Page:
The pink area shows the extent to which the LCD viewscreen monitor displays the scene and the surrounding blue and black areas are unseen and so wasted
In best resolution mode the recorded resolution is 2272x1704 or 3,871,488 pixels. The above image shows that actual useful coverage is 2194x1650 or 3,620,100 pixels, meaning 250,000 pixels or so are wasted, making the actual coverage about 93.5%, with 6.5% wastage and this is about typical for the class.
The picture above was taken at almost noon under the light of a December sun. Winter sun is naturally warmer than mid-summer sunshine, but the natural warmth of the 420Z has accentuated the richness of tone here.
Gretag Macbeth DC Color Chart
Konica Revio KD-420Z
Above is a simple comparison of shots of a Gretag Macbeth ColorChecker DC chart taken with the 420Z (top) and an Olympus Mju:400.
The Mju:400 is one of the better cameras in this class with regard to colour reproduction. The 420Z, by comparison, shows a tendency to over-saturation and warmth that is typical of many consumer cameras. It's not necessarily a bad thing if you are mainly taking holiday and family snaps as it does make the pictures more attractive.
DayGlo fluorescent colours are very difficult to reproduce well, photographically – using digital or film methods. The 420Z hasn't really managed to capture the true appearance of our fluorescent card test here. The yellow looks quite muddy and the green looks too yellow.
It can't be said that the 420Z's over-saturated and warm colour characteristics result in accurate reproduction of natural colours like the green of the leaves above or the orange in the berries, but this bias is preferable to a cold or blue-ish alternative shown by some cameras.
In the scene above the metering system has done a good job of disregarding the dark margins of the scene and exposed correctly for the central area of the scene seen through the bridge.
However, in the second scene above, the sky has caused the metering system to underexpose the mid and foreground areas of the picture.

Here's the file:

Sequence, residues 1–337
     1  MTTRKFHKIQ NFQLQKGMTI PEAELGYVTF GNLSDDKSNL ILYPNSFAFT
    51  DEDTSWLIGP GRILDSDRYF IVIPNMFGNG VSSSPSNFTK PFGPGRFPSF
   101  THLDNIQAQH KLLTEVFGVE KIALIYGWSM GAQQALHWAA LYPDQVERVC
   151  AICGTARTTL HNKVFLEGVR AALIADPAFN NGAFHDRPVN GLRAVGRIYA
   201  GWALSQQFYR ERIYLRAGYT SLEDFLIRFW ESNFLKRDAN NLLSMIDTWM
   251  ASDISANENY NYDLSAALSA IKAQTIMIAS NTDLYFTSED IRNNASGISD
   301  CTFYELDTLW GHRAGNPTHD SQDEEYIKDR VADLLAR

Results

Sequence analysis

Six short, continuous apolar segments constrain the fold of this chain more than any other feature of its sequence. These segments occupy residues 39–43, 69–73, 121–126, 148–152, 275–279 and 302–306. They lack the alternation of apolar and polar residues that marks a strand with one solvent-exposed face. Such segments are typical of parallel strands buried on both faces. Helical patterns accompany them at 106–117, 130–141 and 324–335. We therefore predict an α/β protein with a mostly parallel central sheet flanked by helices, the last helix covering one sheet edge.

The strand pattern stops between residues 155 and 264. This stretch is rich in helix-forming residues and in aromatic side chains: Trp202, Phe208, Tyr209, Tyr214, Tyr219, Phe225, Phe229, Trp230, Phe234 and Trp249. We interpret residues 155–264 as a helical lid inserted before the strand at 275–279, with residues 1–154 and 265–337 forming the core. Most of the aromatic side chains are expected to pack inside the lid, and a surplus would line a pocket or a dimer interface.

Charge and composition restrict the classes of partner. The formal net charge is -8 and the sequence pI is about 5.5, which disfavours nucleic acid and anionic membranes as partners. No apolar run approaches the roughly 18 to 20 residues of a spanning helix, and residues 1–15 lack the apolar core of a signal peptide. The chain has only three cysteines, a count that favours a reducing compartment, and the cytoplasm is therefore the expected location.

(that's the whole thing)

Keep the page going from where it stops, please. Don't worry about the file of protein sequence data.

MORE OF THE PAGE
Overall, the 420Z's metering performance is about average of its class – it gets undemanding scenes right, works well when the central area is surrounded by dark areas but can be fooled by bright skies. This is typical of a centre-weighted metering system, which the 420Z uses. A smarter matrix mode metering system should be less prone to mistakes. A tighter central spot zone meter mode is available.
Once again, the typically warm balance of the camera in general is evident here. It was not easy to get neutral or cool whites under any lighting conditions. This can be corrected out of the camera of course, but the 420Z's performance was really only average in this respect.
Konica Revio KD-420Z f/3.8 60mm (equiv) zoom
Olympus Mju:400 f/4 60mm (equiv) zoom
Konica Revio KD-420Z f/6.4 60mm (equiv) zoom
The ISO resolution test target shows that compared to the Olympus Mju:400 at around f/4 with the zoom set to an equivalent setting of 60mm, there is a similar performance. The 420Z result looks less sharp because the camera appears not to sharpen the image as much as the Mju:400 does.
Resolution suffers when the aperture is reduced to f/6.4 on the 420Z, which may explain why there are only two aperture settings available at any one time.
Noise was never perceived as a noticeable problem with the 420Z unless manually switching to the higher ISO settings. The low noise performance can be explained through the high efficiency of the camera's DSP image processor and the relatively modest amount of in-camera sharpening.
Very good marks are scored by the 420Z when it comes to resistance to purple fringing. Above is a 1:1 reproduction of the corner of a frame that, with some other cameras, would show noticeable blue or purple halos along the high contrast edges of the branches. With the 420Z we can see it is practically non-existent.
As this almost head-on shot into the sun shows, the 420Z's lens does quite a good job of suppressing flare.
Konica Revio KD-420Z widest zoom setting
Konica Revio KD-420Z mid-zoom setting
Konica Revio KD-420Z full tele zoom setting
Here we have another very good performance from the 420Z. At the widest zoom setting, barrel distortion is well-controlled and almost gone by the mid-zoom setting. At full telephoto there is only the tiniest amount of pinchushion distortion visible.
Konica Revio KD-420Z closest focus coverage at full telephoto zoom
Konica Revio KD-420Z closest focus coverage at widest zoom setting
Best close focus coverage is achieved with the 420Z using the wide angle end of the zoom, though the price paid is some barrel distortion bowing of the result.
The movie mode of the 420Z is nothing special, though it does record a mono sound track. Only a QVGA resolution mode is offered and the action is as jerky as you would expect from most cameras in this class.